That’s what sylveon is to me; it’s training for people who need to stop assuming genders based on visual cues. It’s an exercise in respecting someones means of gender expression. As I stated already, I’m not implying that any of this was a deliberate intent of the creators. However, one of the beautiful things about pop culture institutions is that they can do more than they were intended to do based on how the consuming public interacts with them. Pokemon is still one of the most important things that has ever impacted my life. It’s one of the things I credit with helping me discover myself. I wish sylveon had been around when I was a teenager, but I’m happy it exists for the next generation of trainers who need a little help expressing themselves, and those who can use it to better understand the world around them.


Pokémon GO’es Too Far

*sigh* This isn’t going to be fun.

As I’ve aged, I’ve passed certain moments that have made me stop and say, “shit, I’m really an adult”. I was an adult when I had to trade my awesome Jeep Wrangler for a mini van. I was an adult when I had to blow $200 on a lawnmower. I was an adult when I had to go shopping for insurance. Most of these are common and we all experience them. There have been cultural ones too. I’d like to think the internet has allowed my generation to at least keep up with the kids growing up better than my parents kept up with me, but teenagers today still do things I don’t understand or use language that I think is stupid (I’m still not sure whether my bae is on fleek or not).

I don’t like adulting, and I’ve done all that I can to either stave it off or lessen its control over my life. I play video games, watch cartoons, play laser tag with my friends, go out dancing at the club, anything to keep me feeling young at heart. Another way has been to continue enjoying the things I loved as a kid. Generation X and us early Millennials have had a pretty easy time staying connected to the golden days of our youth as popular culture keeps either bringing back the stuff we loved or making sure it never died in the first place. Most of it has ranged from good to okay as long as Michael Bay didn’t have a hand in it, but one thing that’s kept me firmly connected to the kid in me has been the ongoing releases of one of my favorite video game series of all time.


I freaking love Pokémon. I count it among the top 3 games that have most greatly influenced my life. I’ve played since the beginning, back when Blue was dazzling me on my Game Boy Pocket (ask your parents). I’ve not gotten to play an entry from every generation since then, but I’ve dabbled in most of them. And like my fellow Poké-nerds, I was absolutely salivating when I heard about the upcoming Pokémon GO. You mean we can finally have Pokémon happen in real life? We can be walking down the street and have one jump out and we try to catch it. We can meet up on the school yard and battle so it looks like they’re really in front of us?! OMG ALL OF THE YES PLEASE NOW THANK YOU!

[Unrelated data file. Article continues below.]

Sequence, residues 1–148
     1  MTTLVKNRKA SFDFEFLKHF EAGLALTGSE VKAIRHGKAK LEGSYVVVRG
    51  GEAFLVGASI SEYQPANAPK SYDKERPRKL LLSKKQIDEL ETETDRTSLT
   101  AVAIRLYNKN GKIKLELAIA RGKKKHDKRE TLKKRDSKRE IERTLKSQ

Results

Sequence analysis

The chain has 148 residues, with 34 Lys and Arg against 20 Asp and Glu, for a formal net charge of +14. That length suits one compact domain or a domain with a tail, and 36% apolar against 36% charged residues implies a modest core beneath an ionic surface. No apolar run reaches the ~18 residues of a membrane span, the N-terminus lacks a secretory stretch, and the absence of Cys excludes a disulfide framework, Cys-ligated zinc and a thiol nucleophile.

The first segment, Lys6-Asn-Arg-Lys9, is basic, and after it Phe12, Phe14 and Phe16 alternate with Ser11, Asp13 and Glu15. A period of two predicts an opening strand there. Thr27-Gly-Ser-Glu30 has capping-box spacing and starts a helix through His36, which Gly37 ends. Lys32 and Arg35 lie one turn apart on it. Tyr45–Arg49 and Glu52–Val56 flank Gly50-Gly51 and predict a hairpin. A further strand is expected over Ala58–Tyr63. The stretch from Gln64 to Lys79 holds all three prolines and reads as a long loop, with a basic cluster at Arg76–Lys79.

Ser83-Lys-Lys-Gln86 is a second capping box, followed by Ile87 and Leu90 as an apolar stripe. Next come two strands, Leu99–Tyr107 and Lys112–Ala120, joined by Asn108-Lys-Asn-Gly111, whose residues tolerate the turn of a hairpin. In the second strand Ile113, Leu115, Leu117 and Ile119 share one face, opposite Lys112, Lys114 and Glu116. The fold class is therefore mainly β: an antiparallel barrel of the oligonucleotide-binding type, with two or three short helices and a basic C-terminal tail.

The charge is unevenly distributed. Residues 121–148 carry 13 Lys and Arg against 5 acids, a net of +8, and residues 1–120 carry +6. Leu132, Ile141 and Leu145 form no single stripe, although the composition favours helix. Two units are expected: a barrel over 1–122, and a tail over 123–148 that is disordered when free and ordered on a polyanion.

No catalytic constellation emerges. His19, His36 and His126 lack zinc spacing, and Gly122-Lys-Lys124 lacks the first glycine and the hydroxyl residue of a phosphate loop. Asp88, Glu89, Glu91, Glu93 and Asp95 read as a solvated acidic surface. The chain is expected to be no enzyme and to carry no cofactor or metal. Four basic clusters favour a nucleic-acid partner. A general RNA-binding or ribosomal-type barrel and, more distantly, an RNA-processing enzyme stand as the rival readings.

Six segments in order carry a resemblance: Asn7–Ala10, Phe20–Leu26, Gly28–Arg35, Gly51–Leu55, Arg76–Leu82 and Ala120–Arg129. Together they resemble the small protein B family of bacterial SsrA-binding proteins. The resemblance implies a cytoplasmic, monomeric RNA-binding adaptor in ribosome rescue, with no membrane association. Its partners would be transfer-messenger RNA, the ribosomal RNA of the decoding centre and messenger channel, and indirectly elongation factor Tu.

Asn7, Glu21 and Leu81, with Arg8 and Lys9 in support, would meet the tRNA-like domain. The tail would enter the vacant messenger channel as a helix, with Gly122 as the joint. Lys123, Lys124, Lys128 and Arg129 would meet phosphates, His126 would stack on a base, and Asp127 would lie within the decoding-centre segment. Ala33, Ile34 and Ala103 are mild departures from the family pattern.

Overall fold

I downloaded Pokémon GO the day it released, an act I was clearly not alone in due to the number of server crashes I experienced. Still, I managed to create my cute little avatar and get thrown into the map. And it was my map! My street! It was my world! My inner child squealed in delight as I caught a bulbasaur hiding in my partner’s closet. Delighted so far with my experience, I searched around the room for more Pokémon to catch, but there weren’t any. The game told me I had to physically leave the area to find more, so off I went.

I stepped outside and fount a Venonat in my backyard. ‘This is so cool!’ I thought to myself. My inner child was practically euphoric. I searched for more Pokémon, but my property was tapped out. But wait! What’s that over there?! On my game screen I saw leaves rustling a ways from me. That’s the sign I might find more Pokémon over there! I started to walk towards the spot on the map, keeping my eyes glued to the screen in case the little bugger popped up on me.

Once I got to the driveway, reality set in. The spot I was heading towards was in my neighbor’s yard, not exactly somewhere I just have permission to go wandering around in the evening. What’s more, it was across the street. This was when adult Faith grabbed little girl Faith by the arm and pulled her back. ‘You’re not supposed to go over there’, she told me. ‘And were you just about to cross the street while staring at your phone?!’ Keeping my wits about me, I returned to my own yard and kept searching, but there were still no new Pokémon to be had. The fun within my personal space was over, and the only way to keep playing was to venture off my property.

I’ve not gotten to play Pokémon GO very much since that first night. My time out is spent driving or working, neither of which are good times to be playing a game. I want to play at home, but the amount of fun there has a very limited shelf life. I tried for a while to keep it fun, to let the little girl inside me have what she’d dreamed of since she was about 13, but Pokémon GO became one of the hardest hitting, ‘shit, I’m really an adult’ moments of my life. As much as it pains me to admit it, as much as I feel like I’m breaking the heart of a dear friend I’ve known for years, I can’t ignore the truth: Pokémon GO is a dangerous game with real world consequences.